by Ashley Shares, Preservation Specialist
Bedstead monuments were very popular grave markers in the 19th and early 20th century. A bedstead is composed of a headstone, footstone, and cradling. These elements represent the headboard, footboard, and bed rails on a bedframe. This style of grave marker appealed to Victorian-era sentiments for three reasons.
First, heaven was likened to “returning home,” which was comforting to loved ones left behind because they could hope for a future where they were eternally reunited. A bed is a natural symbol of home. Second, the 19th century witnessed a phenomenon referred to by historians as the “feminization of death.” Public displays of mourning became fashionable, as did more beautiful, peaceful, and pleasant monuments and iconography. The bed is not only a symbol of the home, but of femininity and domesticity. The third — and the most frequently cited — reason for the bedstead’s popularity is that it likens death to sleep, a notion that undoubtedly eased the sorrows of many mourners.
Bedsteads come in several forms and are made from a variety of materials, depending usually on the purchaser’s economic means, available stone, and current fashions. Headstones may be quite elaborate, often featuring iconography such as lambs or lilies, symbolizing purity and innocence. Most bedsteads at Oakland Cemetery are made of marble, the most popular material for monuments during the Victorian era in Georgia. However, a stroll through the grounds will reveal cast concrete and brick also used to make the cradling portion of a bedstead.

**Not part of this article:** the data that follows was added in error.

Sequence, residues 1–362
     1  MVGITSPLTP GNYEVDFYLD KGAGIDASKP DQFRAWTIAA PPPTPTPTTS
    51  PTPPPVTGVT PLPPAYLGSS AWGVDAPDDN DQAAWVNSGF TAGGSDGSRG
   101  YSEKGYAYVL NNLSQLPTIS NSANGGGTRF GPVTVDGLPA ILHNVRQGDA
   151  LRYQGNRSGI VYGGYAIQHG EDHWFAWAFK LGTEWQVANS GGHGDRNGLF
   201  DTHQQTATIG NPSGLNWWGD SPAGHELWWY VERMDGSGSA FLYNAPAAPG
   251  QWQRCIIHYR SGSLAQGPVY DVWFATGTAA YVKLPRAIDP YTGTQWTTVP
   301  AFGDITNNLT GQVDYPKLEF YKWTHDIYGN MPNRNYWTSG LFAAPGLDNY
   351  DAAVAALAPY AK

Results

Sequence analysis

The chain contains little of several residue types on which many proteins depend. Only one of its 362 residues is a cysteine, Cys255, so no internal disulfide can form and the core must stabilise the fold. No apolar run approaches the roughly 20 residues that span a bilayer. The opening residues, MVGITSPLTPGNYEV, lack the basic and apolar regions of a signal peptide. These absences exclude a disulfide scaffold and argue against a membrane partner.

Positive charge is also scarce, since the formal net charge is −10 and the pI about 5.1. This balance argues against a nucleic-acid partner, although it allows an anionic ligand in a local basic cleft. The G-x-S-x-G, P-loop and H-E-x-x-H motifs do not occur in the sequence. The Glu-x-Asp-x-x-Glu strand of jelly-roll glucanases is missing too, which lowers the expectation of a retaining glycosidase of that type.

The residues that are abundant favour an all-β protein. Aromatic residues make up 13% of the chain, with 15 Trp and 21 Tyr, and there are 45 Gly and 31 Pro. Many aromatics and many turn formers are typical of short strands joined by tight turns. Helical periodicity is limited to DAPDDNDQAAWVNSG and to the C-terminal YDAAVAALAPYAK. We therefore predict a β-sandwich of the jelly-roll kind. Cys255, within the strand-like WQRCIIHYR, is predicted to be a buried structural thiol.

Recently, Historic Oakland Foundation’s Preservation, Restoration, and Operations (PRO) Team found two very small and unique bedsteads, which were completely buried under six inches of soil in a lot near the cemetery’s pedestrian entrance on Memorial Drive.
These two features, which mark the burial location of two unnamed infants, are both made up of small un-engraved marble headstones and footstones and brick cradling. The discovery of these grave markers is very exciting because only a handful of burials at Oakland Cemetery are marked by bricks. Preserving these sites is extremely important because they represent a folk tradition that is rare in Victorian cemeteries.